30mm Aden Practice Round Shell Casing

The 30mm Aden cannon was a very successful post war aircraft gun, and we covered much of its history when we looked at an example of the links used to join cartridges here. Tonight we have the casing from one of those rounds to look at:imageSadly this is just the casing and is missing the head, but it can be seen that it is a brass case, with a large extraction groove at the base. The primer has been struck as one would expect from a fired round:imageThe markings for the Aden round are marked around the circumference of the case, rather than on the base:imageThe markings indicate that this is a 30mm practice round, manufactured by Radway Green in 1973. I have found this very useful diagram that shows what the various markings mean:GAERGHRE_croppedThe empty brass casings were ejected out of the underside of the aircraft, falling to the ground below. This could sometimes be a little disconcerting to friendly forces on the ground:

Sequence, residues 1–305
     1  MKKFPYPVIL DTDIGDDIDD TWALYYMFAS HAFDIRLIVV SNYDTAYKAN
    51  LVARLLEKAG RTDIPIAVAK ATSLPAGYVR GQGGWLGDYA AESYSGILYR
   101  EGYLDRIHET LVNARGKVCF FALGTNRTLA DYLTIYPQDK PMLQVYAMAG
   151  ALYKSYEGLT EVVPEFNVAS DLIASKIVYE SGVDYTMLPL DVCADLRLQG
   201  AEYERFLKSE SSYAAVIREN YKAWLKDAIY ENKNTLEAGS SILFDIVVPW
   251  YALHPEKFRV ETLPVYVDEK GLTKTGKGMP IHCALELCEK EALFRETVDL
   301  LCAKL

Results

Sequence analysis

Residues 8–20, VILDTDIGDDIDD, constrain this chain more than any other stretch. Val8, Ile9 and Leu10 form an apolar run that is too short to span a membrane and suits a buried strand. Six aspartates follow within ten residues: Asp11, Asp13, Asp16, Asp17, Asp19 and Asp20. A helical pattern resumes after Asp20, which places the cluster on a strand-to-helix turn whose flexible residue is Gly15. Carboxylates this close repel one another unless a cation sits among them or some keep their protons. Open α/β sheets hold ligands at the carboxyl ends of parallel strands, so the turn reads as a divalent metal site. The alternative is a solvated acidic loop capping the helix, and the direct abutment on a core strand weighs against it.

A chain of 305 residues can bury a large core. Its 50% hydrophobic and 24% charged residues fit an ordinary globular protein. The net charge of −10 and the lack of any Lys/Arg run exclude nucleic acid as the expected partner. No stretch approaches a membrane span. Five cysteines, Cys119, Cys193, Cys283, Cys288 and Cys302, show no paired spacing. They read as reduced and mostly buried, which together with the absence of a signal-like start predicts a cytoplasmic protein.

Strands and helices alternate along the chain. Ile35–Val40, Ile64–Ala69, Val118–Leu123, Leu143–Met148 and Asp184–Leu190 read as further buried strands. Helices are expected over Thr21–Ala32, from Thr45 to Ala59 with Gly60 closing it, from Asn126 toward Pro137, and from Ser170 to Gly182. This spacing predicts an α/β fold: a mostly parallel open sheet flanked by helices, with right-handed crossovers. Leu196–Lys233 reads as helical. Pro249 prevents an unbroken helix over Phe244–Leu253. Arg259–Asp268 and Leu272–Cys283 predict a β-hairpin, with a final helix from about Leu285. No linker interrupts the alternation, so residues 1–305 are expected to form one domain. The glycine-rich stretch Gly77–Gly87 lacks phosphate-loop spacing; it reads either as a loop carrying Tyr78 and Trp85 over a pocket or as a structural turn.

Just below its ‘shoulders’, where the leading edge of the wings meets the fuselage, the hunter had two large bulges called Sabrinas (they were named after a popular actress of the time who also had two large bulges just below her shoulders). The Sabrinas were there to accommodate the empty links from the 30mm ammunition belts that fed the Aden cannon. Simply letting the link belts shoot out of a slot behind the aircraft’s nose might have allowed the belts to foul the aircraft’s control surfaces. There were no such fears, however, about the spent shell cases. They were ejected from two holes immediately above each Sabrina- and even a quick three-second burst meant that at least 240 30mm brass shell cases came tumbling down. If just one of those caught you on the head it would be enough to lay you out. As soon as the brass rain started, we were under cover with Alfie quicker than you could day ‘concussion’…

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